An Edmonton daycare is defending a policy that may raise a few eyebrows. It has asked parents to bring a helmet to protect children in its playground.
The policy also states it is the parents’ responsibility to provide a helmet and to upgrade it in order to fit their children’s growing needs.
“You feel like you protect the child,” daycare owner Mircea Bailesteanu said.
Bailesteanu opened up Cambridge Daycare 20 years ago and said over time the needs of children have changed.
“Some kids, as I said, are not aware of their environment, especially when they are very young – babies and toddlers.”
Bailesteanu said some parents bring helmets, some don’t.
The daycare also provides adjustable helmets for the tricycles but Bailesteanu said it doesn’t guarantee 100 per cent protection — he said a couple of years ago a child did get injured.
“One child was on the bike, another child was pushing the bike,” Bailesteanu said. “Guess who got hurt? Not the child on the bike but the child behind the bike who tripped and (fell) behind the bike.”
The outdoor space at Cambridge Daycare is small and Bailesteanu stressed safety is the top priority. There are no ladders or monkey bars and the ground is covered with rubber matting.
In Alberta, health regulations state children should not wear helmets on playground equipment or anything else that can get caught.
There is no specific province-wide helmet policy for daycares but they are recommended if bikes are on site.
A preschool educator that preaches freedom on the playground said helmets are overkill and said young children need to learn how to navigate risk.
Adrian Merrick has hosted caregiver and parent workshops on risky play he is also a program coordinator at Norwood Family and Child Resource Centre.
“I think there are a lot of things that happen naturally in childhood like tripping and falling,” Merrick said, “that a helmet isn’t really going to help mitigate.”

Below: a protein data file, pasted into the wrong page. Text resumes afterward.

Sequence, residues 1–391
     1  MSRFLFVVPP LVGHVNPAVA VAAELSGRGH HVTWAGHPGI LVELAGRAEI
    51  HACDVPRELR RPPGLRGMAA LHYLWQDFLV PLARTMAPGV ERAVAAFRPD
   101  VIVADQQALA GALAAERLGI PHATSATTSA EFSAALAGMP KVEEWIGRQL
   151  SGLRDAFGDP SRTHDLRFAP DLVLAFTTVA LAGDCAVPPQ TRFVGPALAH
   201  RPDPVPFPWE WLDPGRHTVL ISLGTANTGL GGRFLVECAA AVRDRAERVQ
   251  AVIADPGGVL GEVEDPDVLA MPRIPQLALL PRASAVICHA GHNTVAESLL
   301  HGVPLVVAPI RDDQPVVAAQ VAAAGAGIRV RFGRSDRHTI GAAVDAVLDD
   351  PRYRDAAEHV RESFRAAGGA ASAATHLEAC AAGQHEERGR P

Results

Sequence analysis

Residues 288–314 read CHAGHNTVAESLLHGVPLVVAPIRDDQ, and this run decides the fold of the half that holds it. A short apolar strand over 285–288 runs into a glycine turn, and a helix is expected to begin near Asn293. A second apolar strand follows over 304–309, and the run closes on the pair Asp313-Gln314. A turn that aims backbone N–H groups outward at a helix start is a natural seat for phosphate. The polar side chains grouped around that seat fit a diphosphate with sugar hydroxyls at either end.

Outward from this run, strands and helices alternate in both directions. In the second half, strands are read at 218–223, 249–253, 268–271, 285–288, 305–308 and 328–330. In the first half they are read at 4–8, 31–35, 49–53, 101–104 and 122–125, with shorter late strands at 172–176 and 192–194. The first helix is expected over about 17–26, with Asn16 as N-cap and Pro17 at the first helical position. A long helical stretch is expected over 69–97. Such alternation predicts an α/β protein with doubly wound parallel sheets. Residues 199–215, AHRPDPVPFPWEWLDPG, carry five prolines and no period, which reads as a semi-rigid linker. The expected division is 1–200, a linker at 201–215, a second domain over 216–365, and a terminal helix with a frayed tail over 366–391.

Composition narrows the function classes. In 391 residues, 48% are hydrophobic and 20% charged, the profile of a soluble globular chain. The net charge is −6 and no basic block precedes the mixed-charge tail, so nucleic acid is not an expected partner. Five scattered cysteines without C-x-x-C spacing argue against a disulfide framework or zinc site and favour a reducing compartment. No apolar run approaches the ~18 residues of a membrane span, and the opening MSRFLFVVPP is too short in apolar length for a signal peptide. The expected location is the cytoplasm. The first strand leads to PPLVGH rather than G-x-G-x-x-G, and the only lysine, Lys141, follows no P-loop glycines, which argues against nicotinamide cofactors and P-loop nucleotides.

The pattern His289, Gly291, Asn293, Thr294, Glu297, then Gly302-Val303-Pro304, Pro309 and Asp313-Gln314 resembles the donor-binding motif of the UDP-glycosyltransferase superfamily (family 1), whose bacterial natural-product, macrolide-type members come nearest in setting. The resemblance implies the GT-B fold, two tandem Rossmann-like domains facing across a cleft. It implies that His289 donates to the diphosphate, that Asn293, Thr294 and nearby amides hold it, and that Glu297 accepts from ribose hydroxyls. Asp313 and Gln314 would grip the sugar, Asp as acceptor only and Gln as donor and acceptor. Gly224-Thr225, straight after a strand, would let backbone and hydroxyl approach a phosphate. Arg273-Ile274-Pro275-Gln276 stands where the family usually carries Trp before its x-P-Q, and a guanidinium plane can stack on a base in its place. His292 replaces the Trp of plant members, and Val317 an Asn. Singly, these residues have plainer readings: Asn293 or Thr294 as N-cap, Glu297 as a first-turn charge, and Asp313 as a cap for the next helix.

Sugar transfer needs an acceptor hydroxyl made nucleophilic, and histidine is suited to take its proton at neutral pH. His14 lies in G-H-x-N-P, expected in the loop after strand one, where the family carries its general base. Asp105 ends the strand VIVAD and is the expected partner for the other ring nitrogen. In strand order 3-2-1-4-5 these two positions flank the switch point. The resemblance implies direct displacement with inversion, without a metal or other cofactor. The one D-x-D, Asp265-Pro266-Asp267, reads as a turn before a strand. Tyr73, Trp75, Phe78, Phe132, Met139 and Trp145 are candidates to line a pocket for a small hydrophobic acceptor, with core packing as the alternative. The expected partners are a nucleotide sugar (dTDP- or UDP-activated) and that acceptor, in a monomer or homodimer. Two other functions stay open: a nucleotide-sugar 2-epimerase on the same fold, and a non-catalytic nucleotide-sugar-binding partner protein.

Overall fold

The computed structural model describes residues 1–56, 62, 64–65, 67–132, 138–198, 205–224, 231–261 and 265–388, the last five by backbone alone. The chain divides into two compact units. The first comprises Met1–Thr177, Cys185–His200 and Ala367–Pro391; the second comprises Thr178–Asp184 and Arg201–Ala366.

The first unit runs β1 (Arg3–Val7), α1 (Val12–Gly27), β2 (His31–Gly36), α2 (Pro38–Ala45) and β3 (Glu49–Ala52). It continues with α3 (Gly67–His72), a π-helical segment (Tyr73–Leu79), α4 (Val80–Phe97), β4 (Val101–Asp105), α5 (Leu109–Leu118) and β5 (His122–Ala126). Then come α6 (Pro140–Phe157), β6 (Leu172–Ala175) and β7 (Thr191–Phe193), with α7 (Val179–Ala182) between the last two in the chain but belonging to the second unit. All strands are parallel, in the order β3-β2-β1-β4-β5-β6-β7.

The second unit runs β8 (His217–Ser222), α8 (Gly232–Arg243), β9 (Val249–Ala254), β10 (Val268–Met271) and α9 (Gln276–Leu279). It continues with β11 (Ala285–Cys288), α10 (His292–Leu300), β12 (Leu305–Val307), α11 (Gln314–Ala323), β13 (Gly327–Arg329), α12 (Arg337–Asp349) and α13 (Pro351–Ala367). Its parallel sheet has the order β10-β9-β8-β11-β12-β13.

Merrick said toddlers are clumsy and “top-heavy” and a helmet can add to their discomfort.
“Risky play is a bit of a pushback to the bubble-wrap sort of philosophy.”
The educator said so-called “helicopter parents” have graduated to “lawnmower parents” and push everything out of the way to clear a path for their children.
He stressed children will ask for help when they want it.
“There are still those parents that tend to follow their children around and want to lift them up onto everything.”
Merrick said adults must change their reaction and language on playgrounds — instead of telling a child to be careful and not to climb too high, he said try this:
“I’m here if you need me.”
“It’s not about sort of that, Lord of the Flies — there’s chaos and pandemonium everywhere and fires in the corner. It really is about just allowing children to explore on their own. Kids are really, really great at knowing their limits.”
Merrick said most care-provider insurance policies have a provision for risky play.
Bailesteanu called the helmet policy another step in protection and said it will continue to be reviewed. He said he also believes in risky play, but in a controlled environment.
“Do we need to put elbow pads, knee pads, steel toes, bubble wrap? Not really.”
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